Stephen Kelly, Senior Editor, Landscape Online
Stephen holds a B.A. in Communications, from the University of California at Santa Barbara. Currently, he is managing editor for Landscape Architect and Specifier News (LASN) magazine. LASN is published by Landscape Communications, Inc. (LCI), which is based in Tustin, Calif. Mr. Kelly has been with LCI since 2003. LCI is celebrating 26 Years in publishing. Landscape Communications also publishes: Landscape Contractor Design Build Maintain (LCDBM) magazine, www.LandscapeOnline.com (LOL), Landscape Online Weekly (LOL Weekly), Market Trends Report (MTR) Stephen has been involved in reviewing, selecting, writing, editing and bringing to publication hundreds of feature articles highlighting successful landscape architectural projects across the country and abroad. These projects run the gamut of commercial work of landscape architects, including streetscapes, downtown plazas, land planning and campus and park design. Hardscapes, lighting, water features, “Green” and sustainability issues and playgrounds are just some of the focus of the magazine.This background has given Stephen an in-depth understanding of thoughtful design and its impact on communities. How people use these designed spaces, and to what degree, really defines the success of the design. Each year LASN devotes an issue to profiling the design work of landscape architectural firms in certain parts of the country. The “region” is dictated by the location of the annual ASLA Show. With the show in San Diego this year, the Oct. LASN issue will showcase the landscape architecture work of firms in San Diego and the general Southern California region.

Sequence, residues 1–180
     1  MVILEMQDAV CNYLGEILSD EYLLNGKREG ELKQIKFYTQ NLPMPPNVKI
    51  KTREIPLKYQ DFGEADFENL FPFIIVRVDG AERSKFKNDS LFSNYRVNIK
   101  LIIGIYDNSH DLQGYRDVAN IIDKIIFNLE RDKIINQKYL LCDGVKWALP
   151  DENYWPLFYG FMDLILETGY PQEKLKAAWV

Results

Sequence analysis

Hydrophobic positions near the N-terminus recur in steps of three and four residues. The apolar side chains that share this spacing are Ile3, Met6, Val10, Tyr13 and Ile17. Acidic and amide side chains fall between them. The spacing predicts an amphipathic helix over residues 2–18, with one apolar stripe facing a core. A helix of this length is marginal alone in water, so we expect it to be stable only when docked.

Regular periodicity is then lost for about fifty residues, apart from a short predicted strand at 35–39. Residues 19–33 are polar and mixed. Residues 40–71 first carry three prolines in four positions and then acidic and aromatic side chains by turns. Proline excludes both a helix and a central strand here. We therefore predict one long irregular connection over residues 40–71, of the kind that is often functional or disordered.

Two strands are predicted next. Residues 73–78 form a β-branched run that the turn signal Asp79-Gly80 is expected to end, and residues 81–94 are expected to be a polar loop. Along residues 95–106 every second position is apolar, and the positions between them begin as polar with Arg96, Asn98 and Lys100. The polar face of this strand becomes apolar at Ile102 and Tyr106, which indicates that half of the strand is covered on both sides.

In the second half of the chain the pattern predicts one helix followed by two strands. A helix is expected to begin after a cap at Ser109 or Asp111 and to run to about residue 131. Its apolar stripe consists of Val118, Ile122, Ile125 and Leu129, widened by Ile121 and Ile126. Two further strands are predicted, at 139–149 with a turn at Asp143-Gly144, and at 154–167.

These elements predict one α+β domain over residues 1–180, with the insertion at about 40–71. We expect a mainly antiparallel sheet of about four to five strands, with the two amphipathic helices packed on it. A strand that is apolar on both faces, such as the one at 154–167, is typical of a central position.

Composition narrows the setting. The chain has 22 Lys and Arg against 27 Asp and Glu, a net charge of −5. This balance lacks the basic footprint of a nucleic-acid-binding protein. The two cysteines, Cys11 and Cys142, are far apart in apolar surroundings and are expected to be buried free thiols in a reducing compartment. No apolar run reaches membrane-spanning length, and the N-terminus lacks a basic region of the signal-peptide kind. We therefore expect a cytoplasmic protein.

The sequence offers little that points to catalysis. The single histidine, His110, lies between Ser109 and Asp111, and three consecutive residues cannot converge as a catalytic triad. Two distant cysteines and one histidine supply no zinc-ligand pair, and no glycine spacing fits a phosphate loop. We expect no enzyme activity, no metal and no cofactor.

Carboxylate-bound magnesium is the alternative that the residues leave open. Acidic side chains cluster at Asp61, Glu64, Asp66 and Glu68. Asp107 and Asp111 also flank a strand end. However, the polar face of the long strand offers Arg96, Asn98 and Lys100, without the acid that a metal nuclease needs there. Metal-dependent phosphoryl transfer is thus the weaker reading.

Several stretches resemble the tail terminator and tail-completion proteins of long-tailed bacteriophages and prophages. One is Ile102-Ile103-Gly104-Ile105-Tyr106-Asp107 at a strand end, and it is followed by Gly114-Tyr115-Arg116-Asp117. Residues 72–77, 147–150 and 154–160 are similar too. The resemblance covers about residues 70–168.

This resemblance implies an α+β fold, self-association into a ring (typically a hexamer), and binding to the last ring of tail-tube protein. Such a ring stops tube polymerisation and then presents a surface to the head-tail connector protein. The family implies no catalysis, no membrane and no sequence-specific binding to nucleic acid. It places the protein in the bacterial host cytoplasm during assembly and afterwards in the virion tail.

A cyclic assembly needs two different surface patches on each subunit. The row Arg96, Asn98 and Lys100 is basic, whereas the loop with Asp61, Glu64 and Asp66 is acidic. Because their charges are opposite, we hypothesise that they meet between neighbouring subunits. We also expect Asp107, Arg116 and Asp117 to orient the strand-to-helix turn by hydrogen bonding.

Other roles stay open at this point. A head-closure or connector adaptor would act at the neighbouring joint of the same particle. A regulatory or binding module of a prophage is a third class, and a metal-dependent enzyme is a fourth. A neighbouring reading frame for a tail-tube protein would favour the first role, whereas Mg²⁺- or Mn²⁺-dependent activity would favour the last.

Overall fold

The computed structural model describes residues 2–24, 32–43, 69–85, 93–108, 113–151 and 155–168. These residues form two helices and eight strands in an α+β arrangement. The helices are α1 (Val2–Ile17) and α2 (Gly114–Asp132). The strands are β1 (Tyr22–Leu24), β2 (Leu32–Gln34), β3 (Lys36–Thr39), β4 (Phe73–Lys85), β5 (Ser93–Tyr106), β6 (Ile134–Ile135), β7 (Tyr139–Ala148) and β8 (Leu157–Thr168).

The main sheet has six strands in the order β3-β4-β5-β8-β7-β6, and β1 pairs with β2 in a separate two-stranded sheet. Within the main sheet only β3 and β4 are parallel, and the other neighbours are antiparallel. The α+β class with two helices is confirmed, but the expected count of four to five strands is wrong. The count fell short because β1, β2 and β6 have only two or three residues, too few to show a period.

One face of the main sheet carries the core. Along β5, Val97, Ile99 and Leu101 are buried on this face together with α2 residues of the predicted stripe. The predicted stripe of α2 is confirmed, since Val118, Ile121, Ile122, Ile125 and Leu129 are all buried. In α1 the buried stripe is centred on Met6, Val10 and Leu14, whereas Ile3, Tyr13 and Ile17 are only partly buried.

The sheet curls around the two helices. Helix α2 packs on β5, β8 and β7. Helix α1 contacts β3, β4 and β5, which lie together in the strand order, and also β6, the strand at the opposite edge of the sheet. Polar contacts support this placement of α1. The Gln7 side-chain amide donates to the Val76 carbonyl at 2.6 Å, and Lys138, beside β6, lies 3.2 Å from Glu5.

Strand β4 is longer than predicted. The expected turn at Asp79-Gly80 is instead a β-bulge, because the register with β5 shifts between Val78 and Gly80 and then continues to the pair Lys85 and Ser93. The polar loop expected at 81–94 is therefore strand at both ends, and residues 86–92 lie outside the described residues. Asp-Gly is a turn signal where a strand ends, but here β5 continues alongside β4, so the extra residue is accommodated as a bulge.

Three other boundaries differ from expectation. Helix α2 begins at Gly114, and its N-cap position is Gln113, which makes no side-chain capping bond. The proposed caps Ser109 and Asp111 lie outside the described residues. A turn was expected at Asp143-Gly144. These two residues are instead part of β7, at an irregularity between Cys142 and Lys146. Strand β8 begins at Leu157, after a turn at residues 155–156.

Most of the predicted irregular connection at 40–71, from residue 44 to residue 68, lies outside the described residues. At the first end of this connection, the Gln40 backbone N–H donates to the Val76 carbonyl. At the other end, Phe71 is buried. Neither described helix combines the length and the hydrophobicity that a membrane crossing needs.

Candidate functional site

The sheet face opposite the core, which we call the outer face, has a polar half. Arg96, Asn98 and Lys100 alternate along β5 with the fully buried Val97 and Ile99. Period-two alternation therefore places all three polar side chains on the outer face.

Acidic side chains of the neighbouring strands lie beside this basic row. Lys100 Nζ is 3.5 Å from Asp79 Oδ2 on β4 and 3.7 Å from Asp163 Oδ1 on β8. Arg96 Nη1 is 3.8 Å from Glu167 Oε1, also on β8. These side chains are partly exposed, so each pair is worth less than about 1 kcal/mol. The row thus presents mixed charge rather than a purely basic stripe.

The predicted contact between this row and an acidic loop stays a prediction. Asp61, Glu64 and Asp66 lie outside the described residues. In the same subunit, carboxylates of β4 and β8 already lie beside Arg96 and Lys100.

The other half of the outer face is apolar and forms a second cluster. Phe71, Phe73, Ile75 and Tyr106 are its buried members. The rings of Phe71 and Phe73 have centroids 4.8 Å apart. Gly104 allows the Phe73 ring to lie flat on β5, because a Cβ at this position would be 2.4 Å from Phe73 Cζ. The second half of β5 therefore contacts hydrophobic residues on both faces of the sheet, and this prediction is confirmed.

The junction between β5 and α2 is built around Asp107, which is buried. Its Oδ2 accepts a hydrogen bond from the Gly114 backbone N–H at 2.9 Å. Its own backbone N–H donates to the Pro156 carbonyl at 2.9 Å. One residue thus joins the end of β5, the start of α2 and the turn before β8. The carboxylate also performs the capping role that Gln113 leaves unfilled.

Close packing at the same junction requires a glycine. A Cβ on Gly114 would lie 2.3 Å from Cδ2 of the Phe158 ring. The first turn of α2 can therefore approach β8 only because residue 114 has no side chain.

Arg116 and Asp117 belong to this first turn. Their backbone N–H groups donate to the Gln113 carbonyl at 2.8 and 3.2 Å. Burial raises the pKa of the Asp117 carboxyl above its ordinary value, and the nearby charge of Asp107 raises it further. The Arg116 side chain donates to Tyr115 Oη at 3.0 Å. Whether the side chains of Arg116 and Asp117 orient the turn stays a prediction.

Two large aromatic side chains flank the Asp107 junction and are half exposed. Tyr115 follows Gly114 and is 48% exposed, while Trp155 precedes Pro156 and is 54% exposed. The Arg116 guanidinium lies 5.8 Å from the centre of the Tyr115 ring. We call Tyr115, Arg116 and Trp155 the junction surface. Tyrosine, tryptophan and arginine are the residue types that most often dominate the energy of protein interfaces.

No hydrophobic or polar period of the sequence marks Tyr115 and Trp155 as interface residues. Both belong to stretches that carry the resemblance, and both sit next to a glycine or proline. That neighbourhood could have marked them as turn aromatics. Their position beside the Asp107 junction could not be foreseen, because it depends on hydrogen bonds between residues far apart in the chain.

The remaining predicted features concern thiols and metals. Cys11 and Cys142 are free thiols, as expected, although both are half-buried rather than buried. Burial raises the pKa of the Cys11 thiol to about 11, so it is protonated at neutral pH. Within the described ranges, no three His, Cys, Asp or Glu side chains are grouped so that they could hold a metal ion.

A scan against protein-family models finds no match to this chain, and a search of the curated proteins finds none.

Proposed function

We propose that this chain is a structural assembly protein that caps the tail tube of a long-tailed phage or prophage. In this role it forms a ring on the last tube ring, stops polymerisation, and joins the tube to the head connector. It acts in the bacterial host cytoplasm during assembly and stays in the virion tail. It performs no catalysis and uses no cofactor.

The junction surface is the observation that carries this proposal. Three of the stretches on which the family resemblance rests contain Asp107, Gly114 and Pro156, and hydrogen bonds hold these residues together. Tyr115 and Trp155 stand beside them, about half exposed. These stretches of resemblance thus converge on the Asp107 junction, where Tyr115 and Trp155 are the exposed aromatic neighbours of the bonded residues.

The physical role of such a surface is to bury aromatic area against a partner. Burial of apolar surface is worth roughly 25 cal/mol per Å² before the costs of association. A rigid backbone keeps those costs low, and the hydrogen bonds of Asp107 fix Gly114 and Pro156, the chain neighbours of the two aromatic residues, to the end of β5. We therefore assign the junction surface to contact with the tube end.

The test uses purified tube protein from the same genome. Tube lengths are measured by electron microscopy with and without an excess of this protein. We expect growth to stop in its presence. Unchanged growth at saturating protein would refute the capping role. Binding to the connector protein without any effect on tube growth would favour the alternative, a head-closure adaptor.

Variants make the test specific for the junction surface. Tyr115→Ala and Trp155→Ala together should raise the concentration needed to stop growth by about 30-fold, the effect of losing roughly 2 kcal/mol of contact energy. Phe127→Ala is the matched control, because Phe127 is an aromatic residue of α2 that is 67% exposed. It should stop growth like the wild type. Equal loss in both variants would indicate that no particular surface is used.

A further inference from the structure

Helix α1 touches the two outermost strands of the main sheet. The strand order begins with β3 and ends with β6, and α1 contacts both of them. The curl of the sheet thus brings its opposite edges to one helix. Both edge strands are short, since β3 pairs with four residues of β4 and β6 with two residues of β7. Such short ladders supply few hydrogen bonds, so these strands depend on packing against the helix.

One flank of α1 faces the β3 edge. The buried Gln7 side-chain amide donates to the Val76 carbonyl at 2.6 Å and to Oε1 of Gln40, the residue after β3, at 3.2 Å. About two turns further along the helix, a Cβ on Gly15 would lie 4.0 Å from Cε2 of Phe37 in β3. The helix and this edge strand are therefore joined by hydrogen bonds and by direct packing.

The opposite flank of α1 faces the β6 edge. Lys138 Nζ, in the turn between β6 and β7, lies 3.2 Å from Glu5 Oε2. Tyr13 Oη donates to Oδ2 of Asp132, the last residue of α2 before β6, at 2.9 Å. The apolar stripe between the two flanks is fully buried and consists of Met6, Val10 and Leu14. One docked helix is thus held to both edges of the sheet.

Katherine Rudnyk, Monrovia Growers
Katharine has been with Monrovia for 20 years in various marketing and sales positions. Currently she heads up Monrovia’s sales efforts for the design community. She is a member of APLD, ASLA, USGBC, PLANET and CLCA. She has a bachelor’s degree in American Studies from Tulane University and a horticultural degree from Mt. San Antonio College. She is an advocate for landscape preservation and is active in The Cultural Landscape Foundation.
Ken McCown, University of Tennessee-Knoxville
Ken McCown is the Chair of the Landscape Architecture Program at the University of Tennessee-Knoxville and has taught architecture, landscape architecture and urban design at the University of Illinois, Cal Poly Pomona and Arizona State University. He earned architecture and landscape architecture degrees from the University of Illinois at Urbana-Champaign. Ken collaborates on interdisciplinary urban design projects centering upon regenerative design and place-making. His collaborative projects include: ASLA award-winning Taj Mahal National Park and Cultural Heritage District; and Barrio Chino in Panama City, Panama for UNESCO. Ken researches green living through residency; he was the Resident Director of the Neutra VDL Research House II and now the New Norris House in Tennessee. Recent honors include the 2010 Award of Honor from the Arizona ASLA for the Scottsdale Sustainable Systems Inventory and the CELA Award of Excellence in Design Studio Teaching. Ken McCown’s photographs have appeared in several venues including in United Nations’ publications, Getty Villa promotional literature, the Storefront for Art + Architecture, and Ken Burns’ “The National Parks: America’s Best Idea.”